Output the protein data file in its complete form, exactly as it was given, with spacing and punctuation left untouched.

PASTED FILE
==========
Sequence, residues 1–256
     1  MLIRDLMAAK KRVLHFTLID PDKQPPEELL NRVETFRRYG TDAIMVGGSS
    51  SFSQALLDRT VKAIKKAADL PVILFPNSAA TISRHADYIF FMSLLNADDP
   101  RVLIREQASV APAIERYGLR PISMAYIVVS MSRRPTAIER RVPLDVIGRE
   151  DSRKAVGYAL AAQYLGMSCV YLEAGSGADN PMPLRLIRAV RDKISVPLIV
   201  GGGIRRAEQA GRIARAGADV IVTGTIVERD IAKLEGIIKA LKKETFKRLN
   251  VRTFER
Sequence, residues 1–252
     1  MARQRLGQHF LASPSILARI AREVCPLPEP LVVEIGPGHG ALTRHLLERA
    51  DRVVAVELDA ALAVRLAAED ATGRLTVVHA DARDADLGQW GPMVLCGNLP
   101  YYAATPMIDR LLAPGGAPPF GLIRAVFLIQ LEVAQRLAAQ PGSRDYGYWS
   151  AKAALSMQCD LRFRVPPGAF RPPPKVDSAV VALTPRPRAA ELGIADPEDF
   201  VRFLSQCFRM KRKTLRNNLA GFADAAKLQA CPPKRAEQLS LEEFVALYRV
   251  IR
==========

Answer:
Sequence, residues 1–256
     1  MLIRDLMAAK KRVLHFTLID PDKQPPEELL NRVETFRRYG TDAIMVGGSS
    51  SFSQALLDRT VKAIKKAADL PVILFPNSAA TISRHADYIF FMSLLNADDP
   101  RVLIREQASV APAIERYGLR PISMAYIVVS MSRRPTAIER RVPLDVIGRE
   151  DSRKAVGYAL AAQYLGMSCV YLEAGSGADN PMPLRLIRAV RDKISVPLIV
   201  GGGIRRAEQA GRIARAGADV IVTGTIVERD IAKLEGIIKA LKKETFKRLN
   251  VRTFER
Sequence, residues 1–252
     1  MARQRLGQHF LASPSILARI AREVCPLPEP LVVEIGPGHG ALTRHLLERA
    51  DRVVAVELDA ALAVRLAAED ATGRLTVVHA DARDADLGQW GPMVLCGNLP
   101  YYAATPMIDR LLAPGGAPPF GLIRAVFLIQ LEVAQRLAAQ PGSRDYGYWS
   151  AKAALSMQCD LRFRVPPGAF RPPPKVDSAV VALTPRPRAA ELGIADPEDF
   201  VRFLSQCFRM KRKTLRNNLA GFADAAKLQA CPPKRAEQLS LEEFVALYRV
   251  IR